Copyright 2009 American Academy of Orthopaedic SurgeonsEffects of Aging
It" s= no= secret= that= our= bodies= change= as= we= age.= some= changes= are= obvious= while= others= more= subtle.=/>
Many people age comfortably and remain active, alert, and vibrant throughout their lives. Their physiologic age may be quite younger than their chronological age.
Others may experience the effects of osteoporosis and osteoarthritis, which can gradually diminish their abilities to participate fully in activities.
Knowing what to expect and taking steps to counterbalance the effects of aging can help you maintain a young spirit and an independent life. A healthy diet, regular exercise program, and positive attitude can help delay the onset and slow the progression of many age-related changes.
- As muscles age, they begin to shrink and lose mass. This is a natural process, but a sedentary lifestyle can accelerate it.
- The number and size of muscle fibers also decrease. Thus, it takes muscles longer to respond in our 50s than they did in our 20s.
- The water content of tendons, the cord-like tissues that attach muscles to bones, decreases as we age. This makes the tissues stiffer and less able to tolerate stress.
- Handgrip strength decreases, making it more difficult to accomplish routine activities such as opening a jar or turning a key.
- The heart muscle becomes less able to propel large quantities of blood quickly to the body. We tire more quickly and take longer to recover.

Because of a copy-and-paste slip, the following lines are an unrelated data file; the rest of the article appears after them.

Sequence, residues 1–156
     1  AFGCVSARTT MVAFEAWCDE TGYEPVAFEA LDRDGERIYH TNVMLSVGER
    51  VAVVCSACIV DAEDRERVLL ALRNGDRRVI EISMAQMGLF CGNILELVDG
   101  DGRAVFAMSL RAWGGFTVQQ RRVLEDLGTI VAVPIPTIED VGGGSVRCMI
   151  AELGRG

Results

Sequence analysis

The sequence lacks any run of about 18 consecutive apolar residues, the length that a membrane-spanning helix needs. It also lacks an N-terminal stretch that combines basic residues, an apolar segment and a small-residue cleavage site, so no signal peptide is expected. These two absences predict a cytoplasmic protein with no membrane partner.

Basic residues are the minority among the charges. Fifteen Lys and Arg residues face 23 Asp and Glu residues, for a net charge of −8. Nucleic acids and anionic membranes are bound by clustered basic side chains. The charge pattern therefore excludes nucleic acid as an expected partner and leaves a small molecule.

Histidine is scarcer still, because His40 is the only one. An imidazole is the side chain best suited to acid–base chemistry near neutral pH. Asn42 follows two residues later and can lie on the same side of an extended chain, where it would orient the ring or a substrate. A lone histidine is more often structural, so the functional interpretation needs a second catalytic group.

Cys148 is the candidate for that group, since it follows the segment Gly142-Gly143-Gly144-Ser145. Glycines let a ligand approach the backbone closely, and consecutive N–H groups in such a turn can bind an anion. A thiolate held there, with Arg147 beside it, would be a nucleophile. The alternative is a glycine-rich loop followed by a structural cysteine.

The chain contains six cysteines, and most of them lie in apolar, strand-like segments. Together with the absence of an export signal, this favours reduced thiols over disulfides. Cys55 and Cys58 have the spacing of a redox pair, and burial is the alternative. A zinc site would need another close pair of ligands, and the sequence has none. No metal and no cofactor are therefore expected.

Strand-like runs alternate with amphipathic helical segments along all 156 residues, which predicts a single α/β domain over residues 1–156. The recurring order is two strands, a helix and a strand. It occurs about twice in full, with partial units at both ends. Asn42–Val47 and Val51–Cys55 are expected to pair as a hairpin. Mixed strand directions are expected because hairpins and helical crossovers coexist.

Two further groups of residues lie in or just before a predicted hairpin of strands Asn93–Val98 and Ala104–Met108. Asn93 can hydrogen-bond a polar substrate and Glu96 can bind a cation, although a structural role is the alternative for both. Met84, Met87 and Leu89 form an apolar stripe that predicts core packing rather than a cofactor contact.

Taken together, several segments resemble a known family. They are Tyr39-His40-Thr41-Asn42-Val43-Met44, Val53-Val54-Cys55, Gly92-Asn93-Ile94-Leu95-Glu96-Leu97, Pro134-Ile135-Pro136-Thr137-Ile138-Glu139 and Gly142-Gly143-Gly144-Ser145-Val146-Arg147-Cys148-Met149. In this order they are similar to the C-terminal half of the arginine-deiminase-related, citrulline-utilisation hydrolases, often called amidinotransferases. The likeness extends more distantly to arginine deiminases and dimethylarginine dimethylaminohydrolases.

- The body's metabolic rate (how quickly the body converts food into energy) slows. This can lead to obesity and an increase in "bad" cholesterol levels.
Throughout life, bones constantly change through a process of absorption and formation called "remodeling." As we age, the balance between bone absorption and bone formation changes, resulting in a loss of bone tissue.
- The mineral content of bones decreases, so that bones become less dense and more fragile.
- As bones lose mass, osteoporosis develops, affecting both women and men. In the spine, osteoporosis can lead to crush fractures of the vertebrae, resulting in a "dowager's hump." Osteoporosis is also responsible for almost all hip fractures in older men and women.
- The chemistry of cartilage, which provides cushioning between bones, changes. With less water content, the cartilage becomes more susceptible to stress. As cartilage degenerates, arthritis can develop.
- Ligaments, connective tissues between bones, become less elastic, reducing flexibility.
- Joint motion becomes more restricted and flexibility decreases with age because of changes in tendons and ligaments.
- As the cushioning cartilage begins to break down from a lifetime of use, joints become inflamed and arthritic.
Many of the changes in our musculoskeletal system result more from disuse than from simple aging. Less than 10 percent of Americans participate in regular exercise, and the most sedentary group is older than 50 years of age.See also:
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